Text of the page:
Friday, October 04, 2013


Mayor Bloomberg: Public Servant -- Or Volunteer?

Originally published in the New York Post, 10/4/13

Whether it’s Bill de Blasio or Joe Lhota, one thing is guaranteed about New York’s next mayor: From Day One, before any budget is submitted or union contract signed, taxpayers will be spending more on the occupant of City Hall.
At least $900,000 more over 2014-2018, in fact. But that’s not necessarily a bad thing.
The sum represents the $225,000 annual salary the city officially pays its chief executive — but hasn’t actually disbursed in a dozen years.
Because Michael Bloomberg’s hard work over the years brought him great wealth — and, as he declared during his 2001 run for office, that wealth made him immune from corruption that often seduces elected officials — he took the nominal sum of $1 to serve as mayor.
That’s been something of a good bargain for all concerned. The city saved nearly $3 million in salary — even as Bloomberg’s personal net worth soared from $5 billion in 2001 to an estimated $27 billion this year.
And the actual savings to the city are likely even more considering Bloomberg lives in his Upper East Side apartment rather than the traditional mayoral home of Gracie Mansion, which he only used for special events. De Blasio or Lhota will most likely move into Gracie.
Yet there’s also a slight downside in not paying the full salary.
Elected officials are supposed to be public servants, meaning they work for the public — the people of a city, district, state, whatever. Conversely, someone paid basically nothing is a volunteer. And Mayor Bloom­berg has occasionally acted thus.
Yes, he leaves an impressive record on public safety, education, etc. Yet there’s always been a sense that he rarely felt that he was working for the people. Rather, Bloomberg exuded an air of noblesse oblige — he felt a certain responsibility to lead, but not necessarily to listen.
And woe to any who might challenge that.
Just last week, an irritated mayor threatened to cancel press conferences because the reporters gathered didn’t want to ask enough (in his view) questions on his preferred topic (air quality).
The threat doesn’t mean much, given how little time Bloomberg has left in office. But it brings to mind the dismissive “King Mike” who occasionally popped up over three terms.
That individual is immune to a charge that works for virtually every other office-holder: The public complaint (either directly or through the press), You work for us; our taxes pay your salary!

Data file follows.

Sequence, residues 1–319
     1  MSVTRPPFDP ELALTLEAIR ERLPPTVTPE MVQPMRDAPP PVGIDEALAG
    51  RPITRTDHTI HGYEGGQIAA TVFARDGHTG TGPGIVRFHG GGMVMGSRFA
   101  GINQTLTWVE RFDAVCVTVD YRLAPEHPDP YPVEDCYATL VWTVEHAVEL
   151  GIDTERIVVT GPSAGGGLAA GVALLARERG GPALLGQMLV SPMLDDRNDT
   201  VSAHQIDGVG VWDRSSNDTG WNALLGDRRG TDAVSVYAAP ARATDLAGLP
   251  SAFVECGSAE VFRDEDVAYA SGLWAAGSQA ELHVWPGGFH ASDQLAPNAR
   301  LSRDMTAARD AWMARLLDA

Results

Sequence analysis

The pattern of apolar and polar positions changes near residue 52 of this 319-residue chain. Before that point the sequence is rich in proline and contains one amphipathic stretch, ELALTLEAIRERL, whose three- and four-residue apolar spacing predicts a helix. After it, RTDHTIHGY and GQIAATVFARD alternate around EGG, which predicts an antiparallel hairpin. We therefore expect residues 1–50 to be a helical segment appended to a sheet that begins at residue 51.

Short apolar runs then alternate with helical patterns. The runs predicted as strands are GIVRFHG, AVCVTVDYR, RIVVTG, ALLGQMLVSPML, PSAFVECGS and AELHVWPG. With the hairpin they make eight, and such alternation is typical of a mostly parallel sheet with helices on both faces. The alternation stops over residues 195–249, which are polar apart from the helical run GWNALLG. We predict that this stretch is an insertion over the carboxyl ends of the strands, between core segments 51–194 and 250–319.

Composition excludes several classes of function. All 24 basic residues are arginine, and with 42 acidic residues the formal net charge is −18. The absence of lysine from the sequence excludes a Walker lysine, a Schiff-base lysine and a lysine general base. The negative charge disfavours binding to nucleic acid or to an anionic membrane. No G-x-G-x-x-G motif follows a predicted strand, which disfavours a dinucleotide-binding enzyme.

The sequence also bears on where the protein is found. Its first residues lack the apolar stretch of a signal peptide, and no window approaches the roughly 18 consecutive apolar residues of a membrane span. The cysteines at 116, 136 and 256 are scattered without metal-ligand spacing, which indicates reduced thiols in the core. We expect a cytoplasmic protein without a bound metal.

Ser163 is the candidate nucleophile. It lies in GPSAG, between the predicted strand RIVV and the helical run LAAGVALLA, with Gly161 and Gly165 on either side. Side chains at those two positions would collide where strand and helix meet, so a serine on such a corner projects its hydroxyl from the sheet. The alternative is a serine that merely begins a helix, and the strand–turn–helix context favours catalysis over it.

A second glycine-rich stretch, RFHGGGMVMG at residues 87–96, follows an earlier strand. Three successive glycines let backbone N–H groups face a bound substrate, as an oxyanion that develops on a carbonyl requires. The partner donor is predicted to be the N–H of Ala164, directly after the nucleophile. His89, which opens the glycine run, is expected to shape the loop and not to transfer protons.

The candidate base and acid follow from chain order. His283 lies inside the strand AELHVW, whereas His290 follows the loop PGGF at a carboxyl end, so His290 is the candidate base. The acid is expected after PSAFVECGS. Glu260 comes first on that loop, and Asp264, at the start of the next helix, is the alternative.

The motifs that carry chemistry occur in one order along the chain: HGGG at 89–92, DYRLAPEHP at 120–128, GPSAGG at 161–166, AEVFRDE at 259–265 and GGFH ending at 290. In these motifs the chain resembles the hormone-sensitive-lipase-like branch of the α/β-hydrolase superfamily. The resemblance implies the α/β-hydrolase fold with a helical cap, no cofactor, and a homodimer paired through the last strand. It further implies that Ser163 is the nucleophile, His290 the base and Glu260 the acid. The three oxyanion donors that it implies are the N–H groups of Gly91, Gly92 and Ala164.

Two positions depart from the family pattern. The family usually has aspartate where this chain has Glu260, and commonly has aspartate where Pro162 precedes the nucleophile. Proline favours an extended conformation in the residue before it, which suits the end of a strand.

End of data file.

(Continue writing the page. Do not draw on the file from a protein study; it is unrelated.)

No other elected official can dismiss that basic fact of life. Bloomberg can.
For example, not until the snow disaster of Christmas 2010 did the mayor admit that the public had any right to access to his weekend schedule when he (presumably) jetted off to Bermuda.
Or, last year, the mayor initially dug in his heels when news broke that he’d been flying his private helicopter off the E. 34th Street helipad on the weekends — a practice officially banned for a decade.
Or, taking it full circle, after he declared at a 2009 press conference that the economy had turned around, the mayor snapped when asked if that undermined the stated reason for term limits having been extended the year before — a then-cratering economy. Bloomberg called the reporter a “disgrace” for asking the question.
In each case, the mayor seemed personally offended that the public — or its stand-in, a questioning press — would dare question his actions, decisions or motives.
Yes, members of the Fourth Estate occasionally ask dumb questions. But a free and open press is key to keeping elected officials accountable.
That’s something that Bloomberg’s successor — like any other elected official — will have to deal with as well. The one downside though is, well, yes, it’s going to cost New York taxpayers more than it has recently.
A fair trade-off, though, for the people to be able to say — after a dozen years: We’re the boss; you, Your Honor, work for us.

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